Shining light goes out at the Lighthouse Club – Tribute to Alan Pulford

14th January 2020

The Lighthouse Club would like to share the sad news that Alan Pulford, a stalwart of the Southern Club has sadly passed away.

Alan became a member of the Club in 1978 and was one of the founding members of the Southern Club in that year, becoming Treasurer in the 1990’s. His career in the construction industry began working for Bath Plant Hire Services, then Hall and Tawse Southern Ltd and also Walcon. On retiring from the industry, he became an usher at his local Magistrates Court.

He was fanatical about sport and excelled at everything he played – cricket, swimming, cycling, football and, in his later years, golf. A big man, both in stature and in personality. Caring, compassionate, thoughtful of others. Loved by many, disliked by no-one. Alan leaves behind Rose, his wife of 53 years and his three children, Neil, Claire and Ian.

The following emotional tribute was delivered by Mike Osman at the recent Southern Club event. Mike has acted as MC at the club’s events for many years and was a personal friend of Alan.

Mike’s speech:

For those of you who are here for the first time this year you may not know the name Alan Pulford or Big Al. I am sad for those who don’t that you never met one of the most upright, trustworthy, proud, committed, loyal, principled, caring and passionate men that I ever met. But let me tell you about a great man.

Alan’s passion for the Lighthouse Club knew no bounds.

None of us has any idea how much work it took every year to arrange this incredible event except maybe his family. And Rose his lovely wife his daughter Clare and two sons Ian and Neil are with us today. 

What did Alan do for the Lighthouse Club? Let me tell you he almost single handily took this lunch from its early days of 50 guests in a dark room at The Vine in Ower to what you see today – nearly 500 guests with a waiting list of people wanting to have a table. 

Alan was not content with around 50 guests and set about improving those numbers, he knew the secret to making that happen was having great speakers, good food, top auction prizes and a central location. All those things were important but what he understood most of all was that this lunch was about having good people in the room, good people who would share the same aims as he did for this charity. He set about assembling a great team – Jon Cox, John Fortune, David Reilly, Seamus Cleary, Chris Moss, Matt Skilton – all so important to Alan’s plans in making this the best lunch of the year.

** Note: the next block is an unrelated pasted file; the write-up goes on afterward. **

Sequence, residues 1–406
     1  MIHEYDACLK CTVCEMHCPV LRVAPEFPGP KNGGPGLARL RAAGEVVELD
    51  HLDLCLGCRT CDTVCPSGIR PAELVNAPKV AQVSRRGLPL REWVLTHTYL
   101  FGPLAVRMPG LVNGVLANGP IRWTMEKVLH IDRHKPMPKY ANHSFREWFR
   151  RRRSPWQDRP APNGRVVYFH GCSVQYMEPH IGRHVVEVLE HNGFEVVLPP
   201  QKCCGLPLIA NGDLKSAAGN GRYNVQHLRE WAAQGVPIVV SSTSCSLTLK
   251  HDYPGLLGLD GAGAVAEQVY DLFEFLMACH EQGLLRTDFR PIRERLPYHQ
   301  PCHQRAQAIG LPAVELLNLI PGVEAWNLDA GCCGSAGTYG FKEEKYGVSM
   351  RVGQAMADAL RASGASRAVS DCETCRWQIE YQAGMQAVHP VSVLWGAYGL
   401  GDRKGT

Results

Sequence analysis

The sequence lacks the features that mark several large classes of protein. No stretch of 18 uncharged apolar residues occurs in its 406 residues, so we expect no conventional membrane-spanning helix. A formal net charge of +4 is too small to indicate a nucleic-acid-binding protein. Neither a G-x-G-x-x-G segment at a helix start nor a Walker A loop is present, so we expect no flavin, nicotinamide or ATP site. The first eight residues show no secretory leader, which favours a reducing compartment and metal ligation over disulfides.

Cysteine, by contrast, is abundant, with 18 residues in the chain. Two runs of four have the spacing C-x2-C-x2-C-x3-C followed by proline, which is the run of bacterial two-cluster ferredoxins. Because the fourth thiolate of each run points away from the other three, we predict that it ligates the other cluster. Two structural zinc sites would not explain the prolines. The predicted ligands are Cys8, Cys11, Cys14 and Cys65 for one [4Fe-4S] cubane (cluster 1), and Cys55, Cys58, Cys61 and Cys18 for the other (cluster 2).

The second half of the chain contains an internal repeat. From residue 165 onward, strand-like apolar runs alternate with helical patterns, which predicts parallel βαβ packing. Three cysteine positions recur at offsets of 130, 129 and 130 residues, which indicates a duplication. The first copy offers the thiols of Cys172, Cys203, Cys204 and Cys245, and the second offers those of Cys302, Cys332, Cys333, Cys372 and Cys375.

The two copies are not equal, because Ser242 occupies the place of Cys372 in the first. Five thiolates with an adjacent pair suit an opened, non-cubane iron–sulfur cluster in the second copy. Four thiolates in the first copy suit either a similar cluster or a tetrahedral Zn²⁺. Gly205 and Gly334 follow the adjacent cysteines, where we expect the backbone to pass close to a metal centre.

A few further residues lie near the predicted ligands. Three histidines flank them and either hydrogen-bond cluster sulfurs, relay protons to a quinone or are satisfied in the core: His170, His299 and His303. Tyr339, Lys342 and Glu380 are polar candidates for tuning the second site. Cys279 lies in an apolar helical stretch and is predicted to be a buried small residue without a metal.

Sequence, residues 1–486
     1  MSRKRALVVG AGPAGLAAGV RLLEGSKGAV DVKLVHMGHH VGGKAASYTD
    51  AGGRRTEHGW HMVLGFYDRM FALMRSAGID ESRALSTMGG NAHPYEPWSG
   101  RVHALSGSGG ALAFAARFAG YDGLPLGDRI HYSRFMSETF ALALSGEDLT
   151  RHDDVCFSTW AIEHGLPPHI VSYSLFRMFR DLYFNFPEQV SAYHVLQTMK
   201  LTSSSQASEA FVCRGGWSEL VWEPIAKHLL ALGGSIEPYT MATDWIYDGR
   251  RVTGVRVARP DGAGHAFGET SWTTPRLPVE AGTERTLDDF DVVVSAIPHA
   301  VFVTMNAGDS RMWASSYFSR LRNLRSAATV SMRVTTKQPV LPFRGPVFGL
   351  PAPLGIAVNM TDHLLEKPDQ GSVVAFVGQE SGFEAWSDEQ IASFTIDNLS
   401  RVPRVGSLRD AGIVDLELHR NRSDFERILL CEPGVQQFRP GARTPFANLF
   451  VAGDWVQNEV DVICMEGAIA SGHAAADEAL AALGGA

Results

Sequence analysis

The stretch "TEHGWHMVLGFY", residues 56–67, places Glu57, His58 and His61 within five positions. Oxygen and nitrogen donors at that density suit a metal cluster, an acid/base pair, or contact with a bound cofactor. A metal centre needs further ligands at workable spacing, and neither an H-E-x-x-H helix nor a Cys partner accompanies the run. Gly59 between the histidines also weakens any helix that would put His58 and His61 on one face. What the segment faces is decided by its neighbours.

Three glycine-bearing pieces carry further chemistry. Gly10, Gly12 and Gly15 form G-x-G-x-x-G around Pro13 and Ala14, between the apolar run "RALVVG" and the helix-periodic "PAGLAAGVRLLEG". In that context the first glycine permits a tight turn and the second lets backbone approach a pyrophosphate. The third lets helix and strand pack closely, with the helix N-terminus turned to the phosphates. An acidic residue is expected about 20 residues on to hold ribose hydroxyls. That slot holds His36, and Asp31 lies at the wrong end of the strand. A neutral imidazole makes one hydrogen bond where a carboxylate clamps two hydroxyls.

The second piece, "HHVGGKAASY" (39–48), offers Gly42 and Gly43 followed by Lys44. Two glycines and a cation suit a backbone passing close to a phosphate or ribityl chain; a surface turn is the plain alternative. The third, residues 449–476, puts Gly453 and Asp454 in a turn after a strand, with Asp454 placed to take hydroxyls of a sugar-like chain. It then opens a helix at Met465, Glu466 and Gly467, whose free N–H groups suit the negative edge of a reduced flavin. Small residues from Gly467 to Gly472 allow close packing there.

Alan, as we all know, was a committed family man and I must say how proud he would be of the incredibly hard work that his children Ian, Neil and Clare have put in to organise today’s lunch.

For Alan, the Lighthouse Club became a family, one that he loved.

He and I would often talk about the people that turn up year after year, some of the maddest Irishmen and characters you could ever wish to meet. He could not wait for the first Friday in November he would phone me and say not long now, Mr Osman. The nearer we got to the date the more excited he would get excited for us to come up with new ideas to raise money. Weather it was in supporting the raffle by turning up with incredible auction items on the day, made even more incredible by those spending thousands of pounds on the most ludicrous things, like last year someone paid £2,000 for the Ann Summers Love Box, now that person did not do it because he and his wife were into sex toys. He did it because of the spirit of this event which is giving back. This is what is at the core of The Lighthouse Club Southern Branch something that Alan did so much to create. 

He was humbled that so many of you come to this lunch not thinking I will pick up a bargain or get a brilliant auction prize very cheaply, it’s because so many of you come here knowing that you are going to spend money purely so the Lighthouse Club can benefit. I can give you no better example of this than the Ventura which has raised thousands of thousands of pounds how many in this room today own a totally worthless share certificate that you paid £500 for. 

Some have even paid thousands buying it year after year knowing that you would never own such a pile of rubbish. 

All those in this room that have been part of the Ventura journey are the soul of the Lighthouse Club the giving back club. I have been informed that Rose does not want the Ventura stuck in her loft anymore so we have come up with something fitting as we say farewell to the Ventura that I know Al would love and approve of. More about that later.

Before introducing me each year, Alan would burst with pride as he updated us on the important work done by the Lighthouse Club, how this wonderful charity had funded and had helped those in your industry who had fallen on hard times or were so desperate for help that they had reached out.

Nobody has done more over the years for The Lighthouse Club Southern Region than Alan. His dedication hard work his relentless pursuit of making this lunch such a fantastic entertaining afternoon for all who attend as well as ensuring hundreds of thousands of pounds raised for your industry’s charity. 

He loved this lunch so much he loved this charity but as I said, more importantly, he loved you the people in this room who for him were the very heart of the giving back that was so important to him.

It was an honour for so many of us in this room to be one of his friends. let’s raise a glass to Alan, a treasured friend.

Mike’s speech was followed by a minutes applause by everyone, acknowledgement that a shining light had sadly left the Lighthouse Club.

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